10 Days Left! American Pharmacists Month 2016

Our UCSOP faculty, staff, and students are busy with activities that emphasize the role of the pharmacist in providing optimum patient care during the month of October 2016. This month is American Pharmacists Month, a time dedicated to celebrate all the contributions pharmacists make to health care. But, it’s also a time to provide community outreach and education about medication safety, medication adherence, and disease management.

P1070579This month, our students have organized health fairs, immunization clinics, and other outreach projects throughout the Kanawha County. Whether delivering Generation Rx curriculum to area elementary schools to help teach children about prescription abuse and medication safety or filling prescriptions at the Kanawha Charleston Humane Association, our students and faculty are dedicated to utilizing their skills and knowledge in ways that benefit our community.

With 10 days left in American Pharmacists Month, our students are busy planning and preparing for several events including:

  • Saturday, October 22 –  Providing health services at the RAMS Clinic in Elkview
  • Monday, October 24 – Friday October 28 SNPhA Power-To-End-Stroke Tweet-a-Thon #SNPhANoBarriers • @SNPhARegion2 • @UCSOP • #UCSOP
  • Thursday, October 27 Health Fair from 4-7pm at the YMCA
  • Saturday, October 29 CPFI & ACCP Trunk or Treat—Promoting Poison Control at the South Charleston Kroger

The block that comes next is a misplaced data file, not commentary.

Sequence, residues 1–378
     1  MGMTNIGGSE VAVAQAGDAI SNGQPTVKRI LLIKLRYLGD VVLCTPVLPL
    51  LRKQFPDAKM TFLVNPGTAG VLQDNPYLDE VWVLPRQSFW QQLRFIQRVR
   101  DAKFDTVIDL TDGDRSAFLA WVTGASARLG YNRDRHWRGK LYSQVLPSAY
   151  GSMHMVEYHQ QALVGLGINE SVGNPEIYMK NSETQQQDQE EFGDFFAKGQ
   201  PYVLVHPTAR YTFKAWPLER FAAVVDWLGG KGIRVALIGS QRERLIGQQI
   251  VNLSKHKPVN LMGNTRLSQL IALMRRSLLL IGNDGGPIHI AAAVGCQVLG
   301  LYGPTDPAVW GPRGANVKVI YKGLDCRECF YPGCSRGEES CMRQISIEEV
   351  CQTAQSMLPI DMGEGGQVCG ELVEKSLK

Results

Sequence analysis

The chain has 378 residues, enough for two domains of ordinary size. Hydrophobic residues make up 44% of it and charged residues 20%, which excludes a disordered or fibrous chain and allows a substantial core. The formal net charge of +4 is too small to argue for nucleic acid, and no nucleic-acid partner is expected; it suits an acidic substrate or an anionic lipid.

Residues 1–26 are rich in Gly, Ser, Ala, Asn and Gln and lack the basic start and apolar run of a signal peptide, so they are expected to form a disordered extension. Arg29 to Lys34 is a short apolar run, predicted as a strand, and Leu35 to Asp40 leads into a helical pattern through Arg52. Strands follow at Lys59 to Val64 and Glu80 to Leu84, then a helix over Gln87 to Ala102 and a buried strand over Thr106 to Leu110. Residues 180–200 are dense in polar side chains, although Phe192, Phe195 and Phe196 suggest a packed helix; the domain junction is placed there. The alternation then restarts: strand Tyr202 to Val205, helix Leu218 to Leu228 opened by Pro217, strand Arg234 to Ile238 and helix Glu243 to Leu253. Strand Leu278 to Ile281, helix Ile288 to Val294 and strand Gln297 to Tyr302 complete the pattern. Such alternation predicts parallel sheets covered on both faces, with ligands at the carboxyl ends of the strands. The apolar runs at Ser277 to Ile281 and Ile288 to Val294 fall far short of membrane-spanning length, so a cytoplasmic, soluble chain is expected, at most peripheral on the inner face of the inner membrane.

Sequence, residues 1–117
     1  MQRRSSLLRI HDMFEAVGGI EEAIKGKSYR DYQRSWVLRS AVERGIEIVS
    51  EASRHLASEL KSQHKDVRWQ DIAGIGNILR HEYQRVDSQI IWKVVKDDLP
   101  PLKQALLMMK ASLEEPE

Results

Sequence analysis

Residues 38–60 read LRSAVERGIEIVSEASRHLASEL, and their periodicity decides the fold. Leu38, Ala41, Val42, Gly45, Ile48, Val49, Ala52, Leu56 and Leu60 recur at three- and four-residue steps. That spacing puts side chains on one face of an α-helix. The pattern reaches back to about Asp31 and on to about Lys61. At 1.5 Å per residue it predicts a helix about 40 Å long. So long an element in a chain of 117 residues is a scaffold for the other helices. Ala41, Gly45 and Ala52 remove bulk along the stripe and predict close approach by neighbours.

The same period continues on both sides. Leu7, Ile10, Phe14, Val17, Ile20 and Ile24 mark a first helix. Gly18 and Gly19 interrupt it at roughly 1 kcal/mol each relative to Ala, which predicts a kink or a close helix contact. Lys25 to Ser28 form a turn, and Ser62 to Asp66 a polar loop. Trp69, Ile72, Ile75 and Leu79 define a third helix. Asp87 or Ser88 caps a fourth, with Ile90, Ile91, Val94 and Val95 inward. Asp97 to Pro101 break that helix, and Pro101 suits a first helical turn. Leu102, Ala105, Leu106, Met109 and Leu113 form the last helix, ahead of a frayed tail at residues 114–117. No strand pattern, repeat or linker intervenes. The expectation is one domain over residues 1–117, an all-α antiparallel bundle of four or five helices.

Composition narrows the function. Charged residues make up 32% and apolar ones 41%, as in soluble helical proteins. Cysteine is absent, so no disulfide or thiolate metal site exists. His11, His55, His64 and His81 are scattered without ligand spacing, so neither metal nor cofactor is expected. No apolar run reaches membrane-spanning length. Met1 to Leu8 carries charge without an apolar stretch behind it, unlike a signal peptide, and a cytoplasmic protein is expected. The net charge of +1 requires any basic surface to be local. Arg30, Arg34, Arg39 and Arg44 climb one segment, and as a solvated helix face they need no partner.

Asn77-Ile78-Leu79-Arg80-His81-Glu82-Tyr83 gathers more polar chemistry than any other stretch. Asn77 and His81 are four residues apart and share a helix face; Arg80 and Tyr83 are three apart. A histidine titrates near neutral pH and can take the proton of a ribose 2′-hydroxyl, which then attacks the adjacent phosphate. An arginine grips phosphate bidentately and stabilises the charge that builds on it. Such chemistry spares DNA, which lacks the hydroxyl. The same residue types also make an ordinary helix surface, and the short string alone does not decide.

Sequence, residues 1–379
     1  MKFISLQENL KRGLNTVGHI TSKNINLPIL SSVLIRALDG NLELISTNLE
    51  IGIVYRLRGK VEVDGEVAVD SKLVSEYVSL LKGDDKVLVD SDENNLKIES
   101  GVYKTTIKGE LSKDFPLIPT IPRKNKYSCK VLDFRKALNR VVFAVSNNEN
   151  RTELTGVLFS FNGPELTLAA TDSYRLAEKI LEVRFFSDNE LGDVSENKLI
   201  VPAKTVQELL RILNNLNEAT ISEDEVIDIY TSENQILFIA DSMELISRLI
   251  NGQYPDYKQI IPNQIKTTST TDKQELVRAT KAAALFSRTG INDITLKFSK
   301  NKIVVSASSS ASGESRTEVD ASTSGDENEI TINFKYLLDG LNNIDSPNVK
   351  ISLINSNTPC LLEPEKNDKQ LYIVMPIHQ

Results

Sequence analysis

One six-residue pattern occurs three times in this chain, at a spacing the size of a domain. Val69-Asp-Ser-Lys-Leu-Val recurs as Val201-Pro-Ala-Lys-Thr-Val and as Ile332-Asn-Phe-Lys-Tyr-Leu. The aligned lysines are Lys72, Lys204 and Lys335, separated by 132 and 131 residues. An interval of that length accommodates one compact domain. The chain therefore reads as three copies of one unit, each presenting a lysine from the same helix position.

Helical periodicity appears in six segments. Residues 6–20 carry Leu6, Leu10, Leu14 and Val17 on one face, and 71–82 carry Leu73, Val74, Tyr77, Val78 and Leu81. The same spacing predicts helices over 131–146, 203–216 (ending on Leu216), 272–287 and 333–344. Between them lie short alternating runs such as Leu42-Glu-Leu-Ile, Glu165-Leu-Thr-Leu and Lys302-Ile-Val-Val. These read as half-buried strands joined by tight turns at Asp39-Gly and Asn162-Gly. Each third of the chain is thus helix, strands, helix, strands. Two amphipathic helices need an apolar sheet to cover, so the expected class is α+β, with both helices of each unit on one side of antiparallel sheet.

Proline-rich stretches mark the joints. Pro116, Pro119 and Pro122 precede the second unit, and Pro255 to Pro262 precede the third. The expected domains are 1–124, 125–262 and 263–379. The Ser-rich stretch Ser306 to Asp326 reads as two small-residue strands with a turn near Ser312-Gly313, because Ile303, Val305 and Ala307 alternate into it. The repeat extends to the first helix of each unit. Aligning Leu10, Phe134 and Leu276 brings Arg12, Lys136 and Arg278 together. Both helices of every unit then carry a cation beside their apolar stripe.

• Monday, October 31 SNPhA’s Say Boo to the Flu! Immunization Clinic at Family Care, (West Side near Patrick Street)

Our students serve over 10,000 patients throughout the Kanawha Valley each year through their activities and health fairs. We are proud of the work they do and their focus on community and public health.

 

 

 

Pharmacy Students Help Prepare Medicines at Animal Shelter

Contributed by Amanda Miller, Class of 2019

When an area experiences any form of natural disaster our first instinct is to try and help the people affected by the disaster. However, humans are not the only ones in need of help. Natural disasters can also displace animals. After the floods that happened in West Virginia in June 2016, there were many animals that lost their homes or owners, and many became extremely ill. Luckily, the Kanawha Charleston Humane Association (KCHA) stepped up to help as many of these animals as possible.

kcha1Since June, KCHA has experienced a huge influx of animals coming into the shelter—many are extremely young and very ill puppies and kittens. In these cases these animals have to be separated from the general population of the shelter and require more intense care from the veterinarian and the staff that assists them. This increased need for medical attention has made it difficult for the veterinarian technicians at KCHA to maintain a supply of prepared medications.

In order to host kittens at the shelter, most need at least 4 different medications when they first arrive. This does not include the animals who are extremely sick and will need this care for multiple days or possibly weeks of care. That means if the shelter takes in 20 kittens who require this extra care, which may require as many as three doses a day, these kittens will need 420 doses of each medication for one week. That is a lot of medication to both prepare and give to these kittens. This is where student pharmacists have stepped in to help.